Treatment with a programmed cell death-1-specific antibody has little effect on afatinib- and naphthalene-induced acute pneumonitis in mice.
Published on Sep 23, 2017in Biochemical and Biophysical Research Communications2.985
· DOI :10.1016/J.BBRC.2017.07.148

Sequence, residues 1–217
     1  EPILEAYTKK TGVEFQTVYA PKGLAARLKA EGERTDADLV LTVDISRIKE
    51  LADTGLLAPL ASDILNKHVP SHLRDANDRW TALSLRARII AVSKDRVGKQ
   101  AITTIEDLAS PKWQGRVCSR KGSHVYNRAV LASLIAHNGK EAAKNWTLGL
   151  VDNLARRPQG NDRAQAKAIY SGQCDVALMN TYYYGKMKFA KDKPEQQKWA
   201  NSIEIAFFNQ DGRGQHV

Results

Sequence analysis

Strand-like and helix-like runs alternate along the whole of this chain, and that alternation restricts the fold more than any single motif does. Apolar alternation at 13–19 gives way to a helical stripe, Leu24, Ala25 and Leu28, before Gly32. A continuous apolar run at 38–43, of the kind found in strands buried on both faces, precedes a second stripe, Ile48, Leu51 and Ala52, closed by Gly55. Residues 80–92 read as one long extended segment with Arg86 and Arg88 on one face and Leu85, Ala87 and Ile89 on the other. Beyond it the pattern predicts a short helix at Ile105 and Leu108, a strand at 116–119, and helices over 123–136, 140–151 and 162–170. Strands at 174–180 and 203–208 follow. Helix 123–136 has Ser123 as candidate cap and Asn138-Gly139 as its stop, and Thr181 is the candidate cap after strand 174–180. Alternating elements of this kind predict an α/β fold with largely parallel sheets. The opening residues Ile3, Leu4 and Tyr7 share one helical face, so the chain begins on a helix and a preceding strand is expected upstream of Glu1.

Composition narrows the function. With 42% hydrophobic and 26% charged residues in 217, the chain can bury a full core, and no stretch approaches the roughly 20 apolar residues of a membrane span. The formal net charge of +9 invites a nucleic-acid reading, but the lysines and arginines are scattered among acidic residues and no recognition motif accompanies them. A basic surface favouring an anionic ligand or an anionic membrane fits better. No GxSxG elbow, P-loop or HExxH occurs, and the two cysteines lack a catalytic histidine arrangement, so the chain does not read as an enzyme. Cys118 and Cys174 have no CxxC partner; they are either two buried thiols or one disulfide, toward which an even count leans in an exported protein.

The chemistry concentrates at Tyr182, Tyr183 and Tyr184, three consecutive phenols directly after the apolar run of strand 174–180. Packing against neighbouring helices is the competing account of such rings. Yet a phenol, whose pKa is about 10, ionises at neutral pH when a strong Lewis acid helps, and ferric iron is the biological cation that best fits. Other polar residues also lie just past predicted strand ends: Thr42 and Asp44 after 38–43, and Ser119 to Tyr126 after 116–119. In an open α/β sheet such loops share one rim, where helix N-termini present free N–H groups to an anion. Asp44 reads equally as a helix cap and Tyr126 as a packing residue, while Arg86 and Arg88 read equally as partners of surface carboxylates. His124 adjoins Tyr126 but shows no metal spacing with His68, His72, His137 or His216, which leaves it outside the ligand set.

Abstract Although several antibodies developed to target programmed cell death-1 (PD-1) and its ligand (PD-L1) have demonstrated great promise for the treatment of non-small cell lung cancer (NSCLC), and other malignancies, these therapeutic antibodies can cause pneumonitis. Furthermore, epidermal growth factor receptor-tyrosine kinase inhibitor (EGFR-TKI)-induced pneumonitis was reported after treatment with anti PD-1 antibodies. We previously demonstrated that mice with naphthalene-induced airway epithelial injury developed severe gefitinib-induced pneumonitis through a neutrophil-dependent mechanism. The present study aimed to investigate whether treatment with afatinib, an EGFR-TKI that effectively targets EGFR mutation-positive NSCLC, and anti PD-1 antibodies induces pneumonitis in mice. C57BL/6J mice were treated intraperitoneally with naphthalene (200 mg/kg) on day 0. Afatinib (20 mg/kg) was administered orally on days −1 to 13. An anti-PD-1 antibody (0.2 mg/mice) was also administered intraperitoneally every 3 days from day 1 until day 13. The bronchoalveolar lavage fluid (BALF) and lung tissues were sampled on day 14. As observed previously with gefitinib, afatinib significantly increased the severity of histopathologic findings and the level of protein in BALF on day 14, compared to treatment with naphthalene alone. A combined anti-PD-1 antibody and afatinib treatment after naphthalene administration had yielded the same histopathological grade of lung inflammation as did afatinib treatment alone. Our results suggest that anti-PD-1 antibody treatment has little effect on afatinib-induced lung injury.